MPO technology with multifiber connectors offers ideal conditions for setting up high-performance data networks in data centers to achieve greater bandwidth and handle future requirements. This technology makes scaling and migration to network operation with 40/100 Gigabit Ethernet all the easier and more efficient. This paper introduces the practical application of MPO technology, which shows the solutions for 40 Gigabit Ethernet.
In order to provide an introduction and basic information to the reader, this section begins with a presentation of the components needed for a parallel optical MPO connection. As is known to all, MPO connectors (known as multi-fiber push-on and also as multi-path push-on) can contact up to 72 fibers in a single connection. A connection must be stable and its ends correctly aligned, which is essential for achieving the required transmission parameters. A defective connection may even damage components and cause the link to fail altogether.
MPO connectors are available in a female version (without pins), or a male version (with pins) as shown in the following picture. The pins ensure the exact alignment of the fronts of the connectors, and also they ensure the end faces of the fibers are not offset.
Noses and guide grooves (key) on the top side are the two other clearly visible features, which ensures the adapter hold the connector with the correct ends aligned with each other. Based on the placement of the key, two types of MPO adapters are available. One is “key-up to key-down”. It means the key is up on one side and down on the other. The two connectors are connected turned 180° in relation to each other. The other one is “key-up to key-up”. It means both keys are up. The two connectors are connected while in the same position in relation to each other.
MPO cable has the advantages of shorter installation times, tested and guaranteed quality and greater reliability. It has several different kinds of types.
Trunk Cables: trunk cables serve as a permanent link connecting the MPO modules to each other. They are available with 12, 24, 48 and 72 fibers. Their ends are terminated with 12-fiber or 24-fiber MPO connectors according to customer’s choice. These trunk cables like 12 fibers MPO trunk cable could help to create a simple, cost-effective 40G networking by installing a structured cabling system. MPO trunk cable requires greater care in planning but has a number of advantages, such as higher quality, minimal skew, shorter installation time, better protection, smaller volume of cable and lower total costs.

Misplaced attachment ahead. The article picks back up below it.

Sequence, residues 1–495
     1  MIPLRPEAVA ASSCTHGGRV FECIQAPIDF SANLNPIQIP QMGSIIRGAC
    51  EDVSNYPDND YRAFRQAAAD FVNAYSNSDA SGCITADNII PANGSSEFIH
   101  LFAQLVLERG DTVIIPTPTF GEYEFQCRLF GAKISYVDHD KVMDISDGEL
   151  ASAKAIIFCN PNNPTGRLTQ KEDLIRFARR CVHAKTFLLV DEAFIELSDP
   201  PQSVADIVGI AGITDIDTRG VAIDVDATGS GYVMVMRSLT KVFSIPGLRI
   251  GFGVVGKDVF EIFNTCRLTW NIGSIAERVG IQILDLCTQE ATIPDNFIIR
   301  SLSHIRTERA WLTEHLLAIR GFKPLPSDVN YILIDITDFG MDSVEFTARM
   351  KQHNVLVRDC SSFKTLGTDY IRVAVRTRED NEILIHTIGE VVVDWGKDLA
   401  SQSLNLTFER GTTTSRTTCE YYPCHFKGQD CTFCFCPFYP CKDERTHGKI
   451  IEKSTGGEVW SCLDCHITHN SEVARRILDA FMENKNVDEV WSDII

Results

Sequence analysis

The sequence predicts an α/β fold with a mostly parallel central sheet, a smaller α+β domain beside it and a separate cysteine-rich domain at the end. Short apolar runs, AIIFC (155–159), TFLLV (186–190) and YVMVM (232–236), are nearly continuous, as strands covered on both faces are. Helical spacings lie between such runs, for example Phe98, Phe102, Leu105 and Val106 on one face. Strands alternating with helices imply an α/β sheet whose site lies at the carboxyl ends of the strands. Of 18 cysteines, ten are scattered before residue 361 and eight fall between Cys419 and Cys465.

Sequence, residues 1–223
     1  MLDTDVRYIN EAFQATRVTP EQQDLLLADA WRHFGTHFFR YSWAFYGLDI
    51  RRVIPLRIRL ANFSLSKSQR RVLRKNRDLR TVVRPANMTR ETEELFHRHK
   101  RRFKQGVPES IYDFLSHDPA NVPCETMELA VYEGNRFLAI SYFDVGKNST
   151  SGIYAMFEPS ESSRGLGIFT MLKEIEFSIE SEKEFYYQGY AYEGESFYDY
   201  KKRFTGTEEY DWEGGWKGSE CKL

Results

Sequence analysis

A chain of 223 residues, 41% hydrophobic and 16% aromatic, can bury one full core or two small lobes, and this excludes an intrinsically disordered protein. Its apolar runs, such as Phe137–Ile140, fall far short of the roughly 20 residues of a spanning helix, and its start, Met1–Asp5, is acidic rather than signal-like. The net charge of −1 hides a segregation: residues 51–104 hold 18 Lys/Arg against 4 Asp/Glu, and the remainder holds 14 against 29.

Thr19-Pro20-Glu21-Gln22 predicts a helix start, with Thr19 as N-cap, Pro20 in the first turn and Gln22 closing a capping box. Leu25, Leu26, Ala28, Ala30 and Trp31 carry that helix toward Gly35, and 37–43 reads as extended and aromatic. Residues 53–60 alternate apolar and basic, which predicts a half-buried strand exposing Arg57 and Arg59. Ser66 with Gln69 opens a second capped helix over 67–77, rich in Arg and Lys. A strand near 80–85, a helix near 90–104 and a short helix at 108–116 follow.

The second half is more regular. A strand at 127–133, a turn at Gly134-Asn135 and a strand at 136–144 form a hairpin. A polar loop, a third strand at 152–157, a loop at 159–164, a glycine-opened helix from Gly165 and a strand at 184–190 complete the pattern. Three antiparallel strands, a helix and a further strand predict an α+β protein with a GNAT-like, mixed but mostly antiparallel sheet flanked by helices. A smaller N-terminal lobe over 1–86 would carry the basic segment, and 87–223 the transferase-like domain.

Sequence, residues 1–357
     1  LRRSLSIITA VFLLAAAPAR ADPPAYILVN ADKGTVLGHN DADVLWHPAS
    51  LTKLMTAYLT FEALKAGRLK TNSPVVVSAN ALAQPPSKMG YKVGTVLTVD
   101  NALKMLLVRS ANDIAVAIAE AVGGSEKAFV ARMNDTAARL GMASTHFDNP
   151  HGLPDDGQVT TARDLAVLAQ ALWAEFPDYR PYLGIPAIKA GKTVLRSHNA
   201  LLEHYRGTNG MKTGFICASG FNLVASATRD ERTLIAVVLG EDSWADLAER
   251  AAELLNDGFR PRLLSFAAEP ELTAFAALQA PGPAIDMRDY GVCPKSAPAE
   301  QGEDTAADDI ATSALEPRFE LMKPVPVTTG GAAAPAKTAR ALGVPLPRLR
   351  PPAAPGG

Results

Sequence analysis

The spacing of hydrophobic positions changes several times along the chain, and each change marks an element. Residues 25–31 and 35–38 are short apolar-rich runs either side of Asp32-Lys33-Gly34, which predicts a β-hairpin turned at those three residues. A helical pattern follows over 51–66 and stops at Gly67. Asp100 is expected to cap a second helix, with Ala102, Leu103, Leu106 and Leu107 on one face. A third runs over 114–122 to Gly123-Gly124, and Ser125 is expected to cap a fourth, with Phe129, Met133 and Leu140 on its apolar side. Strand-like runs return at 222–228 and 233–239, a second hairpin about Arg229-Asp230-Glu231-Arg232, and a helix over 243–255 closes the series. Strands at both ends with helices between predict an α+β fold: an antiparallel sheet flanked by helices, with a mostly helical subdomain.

Harness Cables: harness cables provide a transition from multifiber cables to individual fibers or duplex connectors. For instance, 8 fibers 12 strands MPO harness cable has eight LC high fiber density connectors and a MPO connector, which is convenient for wiring and management system in 40G network with stable performance.
Y Cables: Y cables are generally used in the 2-to-1 version. A typical application is to join two 12-fiber trunk cables to a 24-fiber patch cord as part of a migration to 100 GbE. The rather rare version of 1 to 3 allows three eight-fiber MTP connectors to be joined to a 24-fiber permanent link, e.g. for migration to 40 GbE.
OM3 and OM4 fiber optic cables put in a parallel optical connection, terminated with MPO/MTP connectors. These are the ingredients for 40 GbE technology in a structured cabling environment. Parallel optical channels with multifiber multimode optical fibers of the categories OM3 and OM4 are used for implementing 40 GbE. The small diameter of the optical fibers poses no problems in laying the lines, but the ports suddenly have to accommodate four or even ten times the number of connectors. This large number of connectors can no longer be covered with conventional individual connectors. So the 802.3ba standard incorporated the MPO connector for 40GBASE-SR4.
MPO connectors and cables are the central components of a 40G parallel optical link. This connection decides whether the insertion loss exceeds the attenuation budget and whether the return loss is high enough. In the end, the desired bandwidth can only be reached if all components in a parallel optical link satisfy the highest requirements.